Meetings and Events

Greater Scaup – © Carena Pooth

Monthly programs are held on the fourth Monday of most months, featuring speakers from various organizations who bring us fascinating presentations on birds, other wildlife, and the environment. Refreshments and conversation take place after each meeting.

Unless otherwise indicated, meetings are held at 7:30pm at the Freedom Plains Presbyterian Church Fellowship Hall, located on Route 55, about .3 mile west of the Taconic State Parkway, across from Arlington High School. Beginning January 2018, we meet in the new addition to the left (east) of the church. Park and enter the large center doors. Our room is on the left side of the hall. In addition, an informal dinner at the Daily Planet restaurant (close by and also on Route 55) takes place beginning at 5:45pm before each program meeting. No reservations are necessary — just show up!

In November, our monthly program is replaced by an Annual Dinner meeting; in July and in December, there are no meetings. All programs are open to the public free of charge, except for a very few labeled Members Only. If you’d like to join, see All events are subject to change.

In case of bad weather, meetings will be cancelled. Please listen to local radio stations or go to for cancellation information.



February 26"Victory At Sea," with Sean Sime and Doug Gochfeld

Since the 1960s, New York-based pelagic seabird trips have evolved from “Let’s go offshore” trips to nowhere to targeted strikes, overlaying sea surface temperature, wind, and chlorophyll charts in concert with our ever increasing knowledge of seasonal bird movements. With each new trip unknowns are becoming knowns. Join pelagic seabird junkies Doug Gochfeld and Sean Sime as they discuss the evolution of the exploration of NY's offshore waters and how analyzing seabird data Atlantic-wide has paid immediate dividends here at home.
Click photo to view a larger image.
Doug Gochfeld's Bio:
Doug Gochfeld made the jump from a love of trains, planes, and automobiles typical of many seven-year-olds to an avid interest in birds after a close encounter with a Steller's Jay in the Pacific Northwest. This filled his early formative years with scouring the urban landscape of New York City for birds with his father. After a teenage break from all things avian, he returned to it with a vengeance, and he hasn't looked back.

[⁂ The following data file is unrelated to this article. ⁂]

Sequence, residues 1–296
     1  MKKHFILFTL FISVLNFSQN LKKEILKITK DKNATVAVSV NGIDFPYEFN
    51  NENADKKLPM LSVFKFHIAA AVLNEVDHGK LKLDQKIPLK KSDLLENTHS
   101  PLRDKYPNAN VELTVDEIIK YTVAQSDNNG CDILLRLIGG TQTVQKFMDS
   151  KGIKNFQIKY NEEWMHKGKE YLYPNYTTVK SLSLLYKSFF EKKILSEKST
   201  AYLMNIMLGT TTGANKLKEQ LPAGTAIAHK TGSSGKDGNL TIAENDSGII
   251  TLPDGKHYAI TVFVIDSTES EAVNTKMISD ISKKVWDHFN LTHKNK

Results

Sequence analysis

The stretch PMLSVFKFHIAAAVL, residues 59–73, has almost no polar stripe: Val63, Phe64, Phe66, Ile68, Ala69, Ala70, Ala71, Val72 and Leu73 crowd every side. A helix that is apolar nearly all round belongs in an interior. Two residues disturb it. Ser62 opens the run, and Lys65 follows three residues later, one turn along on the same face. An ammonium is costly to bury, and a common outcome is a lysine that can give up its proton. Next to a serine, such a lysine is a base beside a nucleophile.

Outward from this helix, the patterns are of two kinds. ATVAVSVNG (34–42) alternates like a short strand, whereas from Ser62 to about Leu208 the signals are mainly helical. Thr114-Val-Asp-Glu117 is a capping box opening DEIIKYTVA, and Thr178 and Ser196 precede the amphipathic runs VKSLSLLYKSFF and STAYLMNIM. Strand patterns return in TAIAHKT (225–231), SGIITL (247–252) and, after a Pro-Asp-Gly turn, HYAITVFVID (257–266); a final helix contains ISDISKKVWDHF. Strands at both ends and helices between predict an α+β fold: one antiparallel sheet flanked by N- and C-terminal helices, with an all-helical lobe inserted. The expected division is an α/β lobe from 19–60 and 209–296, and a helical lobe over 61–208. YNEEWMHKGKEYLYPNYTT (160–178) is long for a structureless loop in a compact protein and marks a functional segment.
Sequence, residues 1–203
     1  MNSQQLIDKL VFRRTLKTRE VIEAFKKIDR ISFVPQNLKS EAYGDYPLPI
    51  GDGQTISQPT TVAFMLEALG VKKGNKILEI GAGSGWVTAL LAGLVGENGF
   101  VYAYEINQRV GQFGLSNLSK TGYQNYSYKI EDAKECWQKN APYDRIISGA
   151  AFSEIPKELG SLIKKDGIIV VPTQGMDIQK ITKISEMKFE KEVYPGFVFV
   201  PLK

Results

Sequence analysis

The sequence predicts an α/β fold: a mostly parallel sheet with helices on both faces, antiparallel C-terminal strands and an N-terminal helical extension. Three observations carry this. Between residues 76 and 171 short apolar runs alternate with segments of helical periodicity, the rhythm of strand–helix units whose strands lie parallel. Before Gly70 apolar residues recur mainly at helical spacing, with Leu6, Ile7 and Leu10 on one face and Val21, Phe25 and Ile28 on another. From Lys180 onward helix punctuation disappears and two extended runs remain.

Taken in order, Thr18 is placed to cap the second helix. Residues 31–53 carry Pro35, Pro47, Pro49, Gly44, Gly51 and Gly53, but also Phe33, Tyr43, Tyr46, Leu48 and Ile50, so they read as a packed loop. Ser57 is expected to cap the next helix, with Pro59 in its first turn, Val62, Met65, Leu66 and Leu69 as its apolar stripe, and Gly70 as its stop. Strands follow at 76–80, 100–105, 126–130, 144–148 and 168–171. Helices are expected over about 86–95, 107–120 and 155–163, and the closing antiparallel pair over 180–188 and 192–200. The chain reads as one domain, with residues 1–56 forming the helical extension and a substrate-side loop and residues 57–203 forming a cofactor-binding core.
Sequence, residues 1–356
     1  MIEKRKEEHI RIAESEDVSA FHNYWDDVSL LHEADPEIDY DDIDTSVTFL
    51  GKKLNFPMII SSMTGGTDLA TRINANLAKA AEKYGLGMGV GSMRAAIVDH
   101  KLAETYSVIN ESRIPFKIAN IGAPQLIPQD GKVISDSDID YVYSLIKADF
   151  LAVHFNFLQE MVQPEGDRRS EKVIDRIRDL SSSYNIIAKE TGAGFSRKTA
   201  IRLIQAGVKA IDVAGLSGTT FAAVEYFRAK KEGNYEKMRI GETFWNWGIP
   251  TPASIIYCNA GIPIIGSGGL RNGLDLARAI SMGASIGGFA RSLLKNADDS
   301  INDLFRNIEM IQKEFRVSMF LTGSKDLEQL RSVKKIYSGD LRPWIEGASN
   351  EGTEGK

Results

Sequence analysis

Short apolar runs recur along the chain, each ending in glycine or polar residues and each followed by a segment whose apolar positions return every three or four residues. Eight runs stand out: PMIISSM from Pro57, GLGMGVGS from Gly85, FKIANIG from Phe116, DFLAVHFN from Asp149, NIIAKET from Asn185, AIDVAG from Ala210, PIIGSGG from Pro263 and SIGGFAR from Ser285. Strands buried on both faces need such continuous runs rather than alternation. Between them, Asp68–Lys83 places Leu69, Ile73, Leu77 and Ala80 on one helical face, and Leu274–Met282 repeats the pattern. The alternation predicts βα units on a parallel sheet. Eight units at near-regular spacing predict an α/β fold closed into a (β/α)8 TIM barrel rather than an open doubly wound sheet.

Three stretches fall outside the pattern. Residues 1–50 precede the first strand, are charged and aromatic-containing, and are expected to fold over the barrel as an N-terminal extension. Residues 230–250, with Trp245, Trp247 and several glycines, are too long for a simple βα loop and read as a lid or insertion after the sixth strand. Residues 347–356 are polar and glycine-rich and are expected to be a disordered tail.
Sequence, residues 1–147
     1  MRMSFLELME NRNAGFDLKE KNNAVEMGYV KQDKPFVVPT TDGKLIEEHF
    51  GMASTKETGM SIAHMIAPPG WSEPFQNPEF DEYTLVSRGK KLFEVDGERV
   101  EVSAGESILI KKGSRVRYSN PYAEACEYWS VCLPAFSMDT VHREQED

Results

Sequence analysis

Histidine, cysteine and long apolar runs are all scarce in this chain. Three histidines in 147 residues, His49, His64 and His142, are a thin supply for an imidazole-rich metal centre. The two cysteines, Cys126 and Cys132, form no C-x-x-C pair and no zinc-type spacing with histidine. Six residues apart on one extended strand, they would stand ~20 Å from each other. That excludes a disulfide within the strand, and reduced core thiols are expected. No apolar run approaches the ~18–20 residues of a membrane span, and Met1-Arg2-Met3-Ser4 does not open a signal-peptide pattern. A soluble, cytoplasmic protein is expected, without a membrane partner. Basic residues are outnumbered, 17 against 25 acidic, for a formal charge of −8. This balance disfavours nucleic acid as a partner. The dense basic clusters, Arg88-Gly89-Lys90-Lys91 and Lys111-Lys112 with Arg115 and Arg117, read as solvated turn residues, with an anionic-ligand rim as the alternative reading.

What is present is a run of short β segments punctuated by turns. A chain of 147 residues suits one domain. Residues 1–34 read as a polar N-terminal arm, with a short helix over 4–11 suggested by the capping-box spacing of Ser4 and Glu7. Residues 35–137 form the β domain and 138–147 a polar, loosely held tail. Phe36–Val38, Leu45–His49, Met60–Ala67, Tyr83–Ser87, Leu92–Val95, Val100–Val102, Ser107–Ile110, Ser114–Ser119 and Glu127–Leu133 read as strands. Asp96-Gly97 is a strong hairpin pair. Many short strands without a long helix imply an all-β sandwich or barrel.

His first birding job was as a migration counter at the legendary Cape May Bird Observatory, where his love of and interest in the dynamics of migration (of anything with wings, insects included!) was cemented. From 2006 to 2016, he worked with birds from New Hampshire to Arizona, and from Suriname to Israel. He has also spent a substantial amount of time guiding in Alaska, the bulk of which was spent on St. Paul Island in the Pribilofs.
Doug's strongest interests in birding are migration, vagrancy, and overall patterns of distribution. Shorebirds and seabirds (and any other long-distance migrants, really) hold a special place in his heart, and he has done intensive work studying the breeding and wintering ecology of Hudsonian Godwits in Alaska and Semipalmated Sandpipers in Suriname and Brazil.
In addition to being on the New York State Avian Records Committee, Doug is also passionate about spreading the gospel of birding and the outdoors, and to this end he participates in youth and urban birding initiatives and has guided at birding festivals across the country. His writing and photographs have been published in a myriad of venues.

Sean Sime's Bio:
Sean Sime is a professional photographer with twenty years’ experience working in the photo industry. He works with a wide range of clients including Vogue, Vanity Fair, Swarovski, Martha Stewart Living, Architectural Digest, Women’s Health, Hearst, and Time Inc. His photographs have appeared in The New York Times, Life Magazine, Garden & Gun, Harper’s and many other publications.
Sean is also a highly regarded nature photographer, a member of the Linnaean Society of New York, a trip leader for See Life Paulagics and a regional reviewer for eBird. He has lectured on nature photography at the American Museum of Natural History and his work has appeared in Birder’s World, National Wildlife, North American Birds, and others.
At age eight Sean was introduced to birds by his uncle Jim, who was monitoring a small tern colony in Greenport, NY, in conjunction with the Great Gull Island Project. Little did he know 15 years later he would find himself on Great Gull each summer for seven years banding Common Terns. He eventually traveled with the team to photograph Common and Roseate Terns on their wintering grounds in South America.

See top of page for time and meeting place.